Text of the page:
DEVELOPMENT/LAND USE/REAL ESTATE: Southern California, "Southland home sales hit a nine-year high; prices up 5.5%"; downtown Los Angeles, "250-room W hotel to be built in downtown L.A."; Century City, "Nordstrom and Eataly are helping Century City's mall go glam" ....

***Various reports, development/real estate, etc....

* Los Angeles Times:  "250-room W hotel to be built in downtown L.A."

* Los Angeles Times:  "Nordstrom and Eataly are helping Century City's mall go glam"

* Los Angeles Times:  "Southland home sales hit a nine-year high; prices up 5.5%"


POLITICS (National, Local/Oakland): U.S. Circuit Court of Appeal, city of Oakland, Harborside Health Center, court ruling: "Oakland blocked from suing to keep Harborside medical pot dispensary open"; "Federal court rejects Oakland's bid to save giant medical pot dispensary"; "Oakland loses legal battle over major medical pot dispensary" ....

***Various reports, court ruling, litigation, Harborside Health Center, Oakland....

* San Francisco Chronicle:  "Oakland blocked from suing to keep Harborside medical pot dispensary open"

* Contra Costa Times:  "Oakland loses legal battle over major medical pot dispensary"

* Los Angeles Times:  "Federal court rejects Oakland's bid to save giant medical pot dispensary"


POLITICS/TRANSPORTATION (State, Local/Burbank): California high-speed rail project, land at Bob Hope Airport: "State eyes land owned by Bob Hope Airport for high-speed rail project" ....

* Burbank Leader (Los Angeles Times):  "State eyes land owned by Bob Hope Airport for high-speed rail project" - "Airport commissioner balks at hazy details in initial presentation." - From the BL:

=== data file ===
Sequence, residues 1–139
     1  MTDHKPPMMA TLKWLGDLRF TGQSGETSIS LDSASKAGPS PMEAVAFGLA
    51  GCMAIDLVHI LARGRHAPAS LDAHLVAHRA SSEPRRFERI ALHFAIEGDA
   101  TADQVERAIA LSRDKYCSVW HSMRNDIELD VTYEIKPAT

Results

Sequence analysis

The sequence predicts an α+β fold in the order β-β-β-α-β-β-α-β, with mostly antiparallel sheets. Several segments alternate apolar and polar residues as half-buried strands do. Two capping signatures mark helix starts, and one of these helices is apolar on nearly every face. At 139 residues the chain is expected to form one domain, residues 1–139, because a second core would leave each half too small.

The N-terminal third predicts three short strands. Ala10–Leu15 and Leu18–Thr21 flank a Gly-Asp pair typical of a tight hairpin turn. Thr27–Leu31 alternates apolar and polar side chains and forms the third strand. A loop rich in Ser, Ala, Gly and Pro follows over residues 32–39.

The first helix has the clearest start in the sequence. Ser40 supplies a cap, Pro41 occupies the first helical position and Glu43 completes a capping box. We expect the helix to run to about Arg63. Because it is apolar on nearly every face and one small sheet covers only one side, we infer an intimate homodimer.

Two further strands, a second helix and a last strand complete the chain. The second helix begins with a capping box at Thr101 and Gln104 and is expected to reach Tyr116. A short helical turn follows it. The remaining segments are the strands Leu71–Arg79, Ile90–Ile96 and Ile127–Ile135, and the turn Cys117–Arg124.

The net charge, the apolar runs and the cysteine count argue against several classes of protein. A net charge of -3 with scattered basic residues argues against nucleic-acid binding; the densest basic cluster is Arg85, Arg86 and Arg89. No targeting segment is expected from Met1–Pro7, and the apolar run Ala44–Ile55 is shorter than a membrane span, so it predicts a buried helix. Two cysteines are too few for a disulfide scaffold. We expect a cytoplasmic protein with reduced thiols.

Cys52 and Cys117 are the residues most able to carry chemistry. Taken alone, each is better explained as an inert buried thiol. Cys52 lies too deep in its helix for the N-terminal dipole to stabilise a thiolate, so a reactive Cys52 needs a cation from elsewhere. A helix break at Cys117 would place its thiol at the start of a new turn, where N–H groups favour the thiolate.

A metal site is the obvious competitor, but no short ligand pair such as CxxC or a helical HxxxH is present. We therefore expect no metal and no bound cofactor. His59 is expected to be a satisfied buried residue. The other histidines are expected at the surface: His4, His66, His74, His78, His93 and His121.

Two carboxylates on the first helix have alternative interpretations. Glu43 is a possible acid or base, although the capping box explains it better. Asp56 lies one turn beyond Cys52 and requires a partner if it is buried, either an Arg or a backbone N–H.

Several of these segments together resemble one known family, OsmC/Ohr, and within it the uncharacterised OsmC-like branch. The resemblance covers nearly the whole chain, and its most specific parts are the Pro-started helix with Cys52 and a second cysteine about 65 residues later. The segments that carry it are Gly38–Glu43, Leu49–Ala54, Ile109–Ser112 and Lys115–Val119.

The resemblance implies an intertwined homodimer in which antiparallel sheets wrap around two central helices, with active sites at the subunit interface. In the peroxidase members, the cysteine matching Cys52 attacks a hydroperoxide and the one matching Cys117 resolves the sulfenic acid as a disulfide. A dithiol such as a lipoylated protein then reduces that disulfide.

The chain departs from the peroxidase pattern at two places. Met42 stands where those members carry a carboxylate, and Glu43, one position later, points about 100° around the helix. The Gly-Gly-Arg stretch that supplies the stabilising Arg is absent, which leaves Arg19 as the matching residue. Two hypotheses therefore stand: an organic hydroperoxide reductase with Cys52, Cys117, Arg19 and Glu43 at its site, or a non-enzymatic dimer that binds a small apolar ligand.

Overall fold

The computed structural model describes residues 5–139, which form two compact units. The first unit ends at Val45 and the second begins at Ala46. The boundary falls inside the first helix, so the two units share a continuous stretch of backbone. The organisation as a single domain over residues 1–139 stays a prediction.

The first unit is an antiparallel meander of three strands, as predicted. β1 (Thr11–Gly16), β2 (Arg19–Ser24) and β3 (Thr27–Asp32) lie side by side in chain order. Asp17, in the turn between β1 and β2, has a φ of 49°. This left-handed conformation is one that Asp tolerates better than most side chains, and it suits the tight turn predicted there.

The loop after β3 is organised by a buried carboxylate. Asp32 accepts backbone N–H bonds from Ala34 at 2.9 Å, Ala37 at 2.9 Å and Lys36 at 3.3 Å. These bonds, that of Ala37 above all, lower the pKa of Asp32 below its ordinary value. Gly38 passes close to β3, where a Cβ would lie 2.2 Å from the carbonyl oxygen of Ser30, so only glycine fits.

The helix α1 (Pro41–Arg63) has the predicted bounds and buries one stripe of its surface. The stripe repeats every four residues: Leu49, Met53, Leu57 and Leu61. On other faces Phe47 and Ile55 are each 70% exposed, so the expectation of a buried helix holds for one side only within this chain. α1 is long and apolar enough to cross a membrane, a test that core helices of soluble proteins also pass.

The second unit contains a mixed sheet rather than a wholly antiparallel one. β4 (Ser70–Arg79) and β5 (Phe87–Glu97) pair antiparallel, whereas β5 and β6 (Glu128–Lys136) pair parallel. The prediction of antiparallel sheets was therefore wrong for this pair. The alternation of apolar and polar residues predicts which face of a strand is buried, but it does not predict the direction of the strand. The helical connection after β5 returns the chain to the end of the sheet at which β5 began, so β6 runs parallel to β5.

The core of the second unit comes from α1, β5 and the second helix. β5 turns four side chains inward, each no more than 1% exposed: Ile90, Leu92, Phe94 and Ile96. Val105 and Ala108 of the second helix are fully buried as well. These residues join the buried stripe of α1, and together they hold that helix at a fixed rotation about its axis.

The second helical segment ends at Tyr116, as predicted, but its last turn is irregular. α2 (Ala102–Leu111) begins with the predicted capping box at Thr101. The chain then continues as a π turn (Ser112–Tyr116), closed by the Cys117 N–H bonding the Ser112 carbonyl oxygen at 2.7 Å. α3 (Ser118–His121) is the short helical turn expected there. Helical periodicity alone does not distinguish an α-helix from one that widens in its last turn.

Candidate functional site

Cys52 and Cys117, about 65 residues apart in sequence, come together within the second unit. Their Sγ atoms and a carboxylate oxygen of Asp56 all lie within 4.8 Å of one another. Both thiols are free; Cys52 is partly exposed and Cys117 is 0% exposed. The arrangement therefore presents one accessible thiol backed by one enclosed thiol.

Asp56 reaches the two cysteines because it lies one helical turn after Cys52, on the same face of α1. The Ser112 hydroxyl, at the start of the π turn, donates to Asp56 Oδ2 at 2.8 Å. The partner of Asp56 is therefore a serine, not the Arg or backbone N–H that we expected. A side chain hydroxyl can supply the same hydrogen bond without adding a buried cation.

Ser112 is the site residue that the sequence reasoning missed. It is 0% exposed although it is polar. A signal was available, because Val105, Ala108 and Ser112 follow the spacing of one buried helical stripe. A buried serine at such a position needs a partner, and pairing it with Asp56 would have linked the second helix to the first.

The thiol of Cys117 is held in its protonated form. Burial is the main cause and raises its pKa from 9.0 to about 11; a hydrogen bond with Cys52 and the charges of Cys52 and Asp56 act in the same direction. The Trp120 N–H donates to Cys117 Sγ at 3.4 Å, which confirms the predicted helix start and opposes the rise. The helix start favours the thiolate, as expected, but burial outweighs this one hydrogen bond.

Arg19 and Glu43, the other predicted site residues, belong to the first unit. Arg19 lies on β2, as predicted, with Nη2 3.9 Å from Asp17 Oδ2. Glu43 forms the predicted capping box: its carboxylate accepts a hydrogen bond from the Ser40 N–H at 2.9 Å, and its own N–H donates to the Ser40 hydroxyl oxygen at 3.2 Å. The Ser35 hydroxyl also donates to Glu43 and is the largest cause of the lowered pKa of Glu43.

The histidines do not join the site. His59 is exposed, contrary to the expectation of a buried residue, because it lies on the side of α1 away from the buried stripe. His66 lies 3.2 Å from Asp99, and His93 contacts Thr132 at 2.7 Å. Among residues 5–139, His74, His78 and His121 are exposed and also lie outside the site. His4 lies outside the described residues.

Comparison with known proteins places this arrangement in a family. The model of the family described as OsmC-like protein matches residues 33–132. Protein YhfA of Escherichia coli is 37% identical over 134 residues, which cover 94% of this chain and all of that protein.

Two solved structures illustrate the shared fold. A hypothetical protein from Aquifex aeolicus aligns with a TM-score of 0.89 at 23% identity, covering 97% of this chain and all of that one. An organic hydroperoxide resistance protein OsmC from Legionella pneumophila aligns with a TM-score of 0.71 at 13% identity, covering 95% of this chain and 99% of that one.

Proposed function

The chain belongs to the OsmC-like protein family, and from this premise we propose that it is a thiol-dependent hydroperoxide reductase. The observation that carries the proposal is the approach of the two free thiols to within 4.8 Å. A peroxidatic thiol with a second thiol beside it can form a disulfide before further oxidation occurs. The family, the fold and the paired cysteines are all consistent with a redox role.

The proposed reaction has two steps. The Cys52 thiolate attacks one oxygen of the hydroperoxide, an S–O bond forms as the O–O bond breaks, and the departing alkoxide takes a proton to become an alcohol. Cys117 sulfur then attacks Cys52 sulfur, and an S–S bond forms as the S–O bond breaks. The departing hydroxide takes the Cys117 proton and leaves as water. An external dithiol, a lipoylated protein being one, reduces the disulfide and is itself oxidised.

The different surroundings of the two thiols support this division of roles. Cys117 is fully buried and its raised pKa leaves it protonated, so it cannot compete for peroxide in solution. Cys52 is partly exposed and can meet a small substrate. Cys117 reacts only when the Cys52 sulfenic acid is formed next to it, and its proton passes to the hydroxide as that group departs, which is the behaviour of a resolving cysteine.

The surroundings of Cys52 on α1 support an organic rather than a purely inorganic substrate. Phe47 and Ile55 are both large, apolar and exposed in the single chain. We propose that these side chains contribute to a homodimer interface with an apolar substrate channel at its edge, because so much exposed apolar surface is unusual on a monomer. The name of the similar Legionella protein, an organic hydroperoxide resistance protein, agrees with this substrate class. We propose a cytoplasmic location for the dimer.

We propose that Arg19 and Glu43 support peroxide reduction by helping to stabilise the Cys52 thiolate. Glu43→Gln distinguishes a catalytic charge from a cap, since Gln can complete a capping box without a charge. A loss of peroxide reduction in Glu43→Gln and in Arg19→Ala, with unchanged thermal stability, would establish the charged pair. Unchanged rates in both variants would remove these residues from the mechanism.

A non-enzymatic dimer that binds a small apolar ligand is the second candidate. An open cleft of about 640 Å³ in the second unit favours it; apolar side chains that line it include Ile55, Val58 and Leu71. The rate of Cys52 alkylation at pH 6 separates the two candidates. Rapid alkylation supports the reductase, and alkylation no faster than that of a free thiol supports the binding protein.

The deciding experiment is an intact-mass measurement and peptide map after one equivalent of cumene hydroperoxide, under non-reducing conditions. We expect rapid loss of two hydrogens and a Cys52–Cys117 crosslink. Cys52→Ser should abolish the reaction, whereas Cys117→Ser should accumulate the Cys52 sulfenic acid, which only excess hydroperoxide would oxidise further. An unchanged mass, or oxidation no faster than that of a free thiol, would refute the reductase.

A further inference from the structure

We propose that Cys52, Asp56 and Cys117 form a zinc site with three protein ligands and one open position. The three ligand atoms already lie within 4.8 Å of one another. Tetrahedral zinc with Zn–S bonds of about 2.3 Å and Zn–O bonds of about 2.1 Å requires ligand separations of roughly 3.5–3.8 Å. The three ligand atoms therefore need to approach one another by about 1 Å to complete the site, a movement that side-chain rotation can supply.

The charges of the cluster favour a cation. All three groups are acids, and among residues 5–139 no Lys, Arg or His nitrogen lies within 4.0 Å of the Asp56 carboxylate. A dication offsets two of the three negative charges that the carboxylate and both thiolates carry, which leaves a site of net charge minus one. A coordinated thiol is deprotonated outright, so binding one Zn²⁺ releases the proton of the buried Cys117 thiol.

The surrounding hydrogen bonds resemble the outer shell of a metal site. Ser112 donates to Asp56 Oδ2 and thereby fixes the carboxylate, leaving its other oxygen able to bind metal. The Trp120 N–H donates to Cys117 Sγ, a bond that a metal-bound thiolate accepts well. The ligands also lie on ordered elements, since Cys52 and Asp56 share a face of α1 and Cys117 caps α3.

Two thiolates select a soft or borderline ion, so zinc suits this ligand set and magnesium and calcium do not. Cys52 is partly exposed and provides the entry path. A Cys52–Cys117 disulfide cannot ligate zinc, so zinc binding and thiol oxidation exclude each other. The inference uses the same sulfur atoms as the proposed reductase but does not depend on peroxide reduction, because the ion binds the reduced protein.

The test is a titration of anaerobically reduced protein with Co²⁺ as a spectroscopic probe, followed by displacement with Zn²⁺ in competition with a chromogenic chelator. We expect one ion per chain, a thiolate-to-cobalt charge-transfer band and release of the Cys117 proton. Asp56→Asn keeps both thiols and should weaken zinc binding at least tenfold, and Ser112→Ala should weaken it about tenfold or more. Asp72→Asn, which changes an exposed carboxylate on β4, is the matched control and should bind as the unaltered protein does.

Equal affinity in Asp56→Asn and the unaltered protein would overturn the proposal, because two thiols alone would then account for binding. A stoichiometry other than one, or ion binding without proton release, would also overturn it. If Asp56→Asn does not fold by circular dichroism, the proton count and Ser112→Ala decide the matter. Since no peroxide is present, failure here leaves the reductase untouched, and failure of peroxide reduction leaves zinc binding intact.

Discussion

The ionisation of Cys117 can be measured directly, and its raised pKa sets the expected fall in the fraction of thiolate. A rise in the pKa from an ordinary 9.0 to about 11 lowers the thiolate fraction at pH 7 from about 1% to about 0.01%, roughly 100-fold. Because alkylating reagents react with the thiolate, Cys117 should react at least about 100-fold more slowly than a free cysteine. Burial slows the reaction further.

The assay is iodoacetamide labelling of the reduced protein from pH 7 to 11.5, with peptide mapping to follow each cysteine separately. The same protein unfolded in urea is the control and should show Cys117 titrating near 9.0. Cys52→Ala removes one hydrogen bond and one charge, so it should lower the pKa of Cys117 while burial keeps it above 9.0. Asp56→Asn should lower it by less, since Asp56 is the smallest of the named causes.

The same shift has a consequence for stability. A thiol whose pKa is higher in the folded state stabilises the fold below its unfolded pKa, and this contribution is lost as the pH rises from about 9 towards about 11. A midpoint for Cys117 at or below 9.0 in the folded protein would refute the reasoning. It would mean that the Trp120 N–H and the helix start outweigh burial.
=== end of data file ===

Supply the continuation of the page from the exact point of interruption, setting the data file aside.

California High-Speed Rail Authority officials said this week they plan to propose to Bob Hope Airport officials that the state agency purchase the nearly 60-acre “B6 parcel” — also known as the “Opportunity Site” — north of the airfield’s terminal, an area which is already being marketed for sale. “You are sitting on something that is an amazing public and private benefit to the future,” said Michelle Boehm, the rail authority’s Southern California regional director. She said transit officials don’t want to lose the “once-in-a-generation opportunity to make something really great — not just great times one, but great times 10.”

Boehm’s pitch capped off an informational presentation in which she updated members of the Burbank-Glendale-Pasadena Airport Authority on the rail project and touted the promised benefits of high-speed rail, including relief of congestion on the state’s roads, rails and short-haul commuter flight routes throughout California. However, airport commissioners asked her to be a bit more explicit.

“What’s the ask?” said Terry Tornek, one of Pasadena’s commissioners. “Are you asking us to halt our disposition process? Are you asking us to reserve [two proposed station locations]?”

Transportation officials would like the airport authority to change its sales process and enter into an agreement with an option to purchase, Boehm said, in order to accommodate a multi-agency planning process that would look at what part of the property could be used for a bullet-train station, as well as other potential public and private uses, such as extension of the Metro Red Line.

“It’s a big ask,” Tornek said .....................


SACRAMENTO: AB 113, redevelopment "wind-down": "Brown, cities scrap over bill on wind-down of redevelopment" .... 

* Sacramento Bee:  "Brown, cities scrap over bill on wind-down of redevelopment" - From the Bee:

The issue